The reality is private business is built on the foundations of the state – and it’s time we admitted it

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Fascinating comment in the Guardian this morning:

Willie Walsh, the British Airways chief executive, will launch an excoriating attack on the government on Thursday for the absence of a coherent growth plan, accusing ministers of "warm words and cold action".

At the British Chambers of Commerce conference in London, he will say this government and the last Labour administration "produce a growth strategy every week, but none of them up add up to anything".

Let's unpack that for a minute. First, he's saying he wants the state to have a growth plan. Now that's an interesting admission.

Second, he says that it's been a failure of neoliberal  governments not to have one. Another interesting admission.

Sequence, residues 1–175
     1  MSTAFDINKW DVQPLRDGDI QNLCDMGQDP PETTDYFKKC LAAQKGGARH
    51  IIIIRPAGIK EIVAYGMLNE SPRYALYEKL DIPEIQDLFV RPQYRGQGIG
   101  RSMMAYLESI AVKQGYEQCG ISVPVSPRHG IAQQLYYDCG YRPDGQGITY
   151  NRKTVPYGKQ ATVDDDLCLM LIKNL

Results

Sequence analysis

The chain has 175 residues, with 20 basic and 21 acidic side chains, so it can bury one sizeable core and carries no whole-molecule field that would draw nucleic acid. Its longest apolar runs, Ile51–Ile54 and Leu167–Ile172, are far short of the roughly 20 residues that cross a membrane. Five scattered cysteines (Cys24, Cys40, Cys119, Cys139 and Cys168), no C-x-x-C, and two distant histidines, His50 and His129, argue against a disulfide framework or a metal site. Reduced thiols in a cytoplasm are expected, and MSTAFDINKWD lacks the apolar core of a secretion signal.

Third, he's implicitly saying as a result that without the state taking the lead then the private sector goes nowhere. That's true.

Fourth, in that case he admits the state needs the resources to deliver such a plan. That means paying tax is essential. And yet he argues business taxes must be cut. That's absurd: that makes him guilty of thinking much worse than any government.

Fifth, he implicitly says that the state has to do the things the market never can universally to make this work. That includes supplying the private sector with educated, housed, healthy workers who can afford to take the risk on working for the private sector because there's an adequate safety net to let them do so. The state's failed in that role for too long too.

What he's really calling for is a Courageous State.

But he's too frightened to say so.